‘Dancer’: Portrait of the Artist as a Frustrating Mess

Sometimes a talent is so oversized it’s like a bomb waiting to go off. One look at ballet’s enfant terrible Sergei Polunin and you can see the talent, his mesmerizing form crackling with electricity. You don’t need to know anything about ballet as Polunin launches his wiry frame impossibly high into the air to know that this kid’s got it. Dancer, the documentary from Steven Cantor (loudQUIETloud: A Film About the Pixies) follows Polunin’s evolution, from child prodigy to hard partying success to burnt-out superstar. It’s an interesting if conventional portrait of an artist with tremendous gifts, lacking the tools to sustain a career.

Most famous as the sculpted and tattooed god who said goodbye to dance with a massively viral video set to Hozier’s “Take Me To Church” (currently at over 18 million views), Dancer benefits tremendously from the scads of video footage of its subject, much of it from his childhood. Born in 1989, Polunin’s early years were well before camera ubiquity. Luckily, his working class Ukrainian family bought one, documenting the young boy’s development incessantly. An obvious prodigy, they undoubtedly knew he was their only ticket to a better life.

Polunin started out in gymnastics before switching to ballet. He won a silver medal from his school the first year he was there, at age nine. It was expensive for him to attend the ballet school in Kiev, so his family had to split up, his father heading to Portugal and his grandmother to Greece, all to earn money for Polunin’s future. His mother stayed with him in Kiev, and organized and pushed him constantly. Within a few years, it became clear they should send him abroad to push his talent further. He auditioned for the Royal Ballet School in London, UK, joking “I felt like I was in Harry Potter world.” He was accepted, but his mother couldn’t stay with him, lacking a proper VISA.

So as a teenager Polunin found himself a budding star at one of the preeminent centres for dance, with his family far away. His mother and father divorced the year after he started in London, and the divorce sundered the emotional bedrock of what he’d been working for all these years. The partying began in earnest, and his peers would playfully take advantage of his excesses, drawing on his face or shaving his eyebrows when he’d drunkenly passed out. Still his incredible gifts pushed him ever higher. In 2008, he became the first soloist after one year at the Royal Ballet. In 2009 at twenty-years-old, he became the youngest principal in the Royal Ballet’s history. Just seeing the flushed admiration of a gaggle of ballerinas watching Polunin practise, it’s quite plain even his peers were enraptured by him. Called “the James Dean of the ballet world” by the Daily Telegraph, his Twitter openly proclaimed his partying and drug use, even using as he performed. His shows were booked years in advance, and he appeared in everything.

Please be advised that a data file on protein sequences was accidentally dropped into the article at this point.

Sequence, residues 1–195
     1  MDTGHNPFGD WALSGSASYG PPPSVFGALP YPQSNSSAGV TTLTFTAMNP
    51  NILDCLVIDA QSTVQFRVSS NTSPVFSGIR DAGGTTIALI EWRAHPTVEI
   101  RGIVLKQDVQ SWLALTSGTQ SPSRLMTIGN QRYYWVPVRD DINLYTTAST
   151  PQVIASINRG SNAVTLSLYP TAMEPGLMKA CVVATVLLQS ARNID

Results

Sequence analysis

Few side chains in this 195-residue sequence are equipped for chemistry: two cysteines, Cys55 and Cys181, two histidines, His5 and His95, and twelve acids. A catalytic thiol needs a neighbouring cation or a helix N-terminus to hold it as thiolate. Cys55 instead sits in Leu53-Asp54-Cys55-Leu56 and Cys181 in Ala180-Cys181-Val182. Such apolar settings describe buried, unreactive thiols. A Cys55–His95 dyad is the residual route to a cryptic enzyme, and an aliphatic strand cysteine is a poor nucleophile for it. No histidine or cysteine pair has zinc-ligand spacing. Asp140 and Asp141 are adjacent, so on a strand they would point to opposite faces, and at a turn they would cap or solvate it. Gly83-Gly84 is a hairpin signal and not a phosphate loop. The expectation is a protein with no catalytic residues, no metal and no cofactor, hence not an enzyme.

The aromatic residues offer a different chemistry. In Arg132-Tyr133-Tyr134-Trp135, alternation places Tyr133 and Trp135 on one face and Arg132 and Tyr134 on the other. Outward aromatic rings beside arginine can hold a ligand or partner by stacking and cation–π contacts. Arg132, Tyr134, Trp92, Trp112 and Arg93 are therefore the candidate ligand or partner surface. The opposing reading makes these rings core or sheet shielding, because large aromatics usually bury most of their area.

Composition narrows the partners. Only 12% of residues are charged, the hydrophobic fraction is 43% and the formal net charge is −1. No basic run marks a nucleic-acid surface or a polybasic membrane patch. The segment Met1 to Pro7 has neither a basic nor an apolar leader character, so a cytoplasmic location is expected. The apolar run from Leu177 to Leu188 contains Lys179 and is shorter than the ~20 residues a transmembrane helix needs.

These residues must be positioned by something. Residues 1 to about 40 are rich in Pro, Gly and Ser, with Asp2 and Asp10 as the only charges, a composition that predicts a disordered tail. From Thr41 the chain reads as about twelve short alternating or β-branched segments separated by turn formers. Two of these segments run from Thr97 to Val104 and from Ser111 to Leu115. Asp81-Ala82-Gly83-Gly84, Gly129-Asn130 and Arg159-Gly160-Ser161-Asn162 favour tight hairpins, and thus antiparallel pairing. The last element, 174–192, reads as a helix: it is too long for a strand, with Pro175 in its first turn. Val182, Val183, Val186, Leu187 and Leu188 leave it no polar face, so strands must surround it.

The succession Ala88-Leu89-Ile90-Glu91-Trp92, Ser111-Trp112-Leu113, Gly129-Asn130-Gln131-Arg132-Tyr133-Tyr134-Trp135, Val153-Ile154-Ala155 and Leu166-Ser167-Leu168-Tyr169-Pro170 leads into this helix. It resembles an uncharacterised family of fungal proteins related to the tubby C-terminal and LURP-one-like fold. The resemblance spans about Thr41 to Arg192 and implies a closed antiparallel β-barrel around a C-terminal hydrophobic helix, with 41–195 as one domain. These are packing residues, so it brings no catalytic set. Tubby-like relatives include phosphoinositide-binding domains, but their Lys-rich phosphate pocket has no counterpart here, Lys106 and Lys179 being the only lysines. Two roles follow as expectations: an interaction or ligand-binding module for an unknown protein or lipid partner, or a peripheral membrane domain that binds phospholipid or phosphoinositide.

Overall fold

It was too much. Within two years, he quit, saying “life in the company was too restrictive.” He bounced around, but no companies would take a chance on the precocious rebel. He ended up in Russia on reality TV, doing the Big Ballet competition. He won, no surprise, but it was an empty feeling, and he was starting again from nothing. Eventually, Igor Kerensky, himself once a great dancer, gave him a break. Kerensky took Polunin under his wing at the Stanislavsky Theatre in Moscow, and once again he was dancing ballet in a company. More triumphs, more emptiness. He wouldn’t let his family see him perform. He called himself “a prisoner to the urge to dance.” It didn’t matter where Polunin was. His demons were right there with him.


Seeing him finding another wave of adulation and success, and suffering inside of it, alone in his dressing room guzzling water, his body wracked with pain, is depressing stuff. It certainly makes one wonder about the merits of the relentless pursuit of perfection. But when he dances, the joy always returns, the effortless grace as he cuts through the air.

The Hozier video shot by photographer David LaChappelle is the culmination of the movie, and Polunin’s final statement as he plans his exit from the dancing world. Ironically, by doing basically a modern dance routine to a rock song, Polunin opened up new doors for himself. He’s found new joy and success dancing a contemporary ballet with his romantic partner Natalia Osipova. But that’s moving past where the movie ends. Dancer closes with Polunin retuning to Stanislavsky Theatre for a night of modern dance choreographed by Jerome Robbins. It’s the first time he relents, and lets his family see him perform.

Polunin is mesmerizing, if emotionally opaque. Dancer has a harder time fleshing out Polunin’s milieu, though his family and school friends provide a few good anecdotes and insights. Ultimately, the great talents either find a way to marshal their gifts, or flame out far too soon. By the end of Dancer, it looks like Sergei Polunin might actually grow up.

Dancer opens on select Cineplex screens in Toronto, Vancouver, Calgary, Ottawa and Halifax on Friday, February 10th, 2017.

One Reply to “‘Dancer’: Portrait of the Artist as a Frustrating Mess”

  1. This is an excellent review! Thank you for sharing this. I had never heard of this dancer until now and I definitely want to watch this film.

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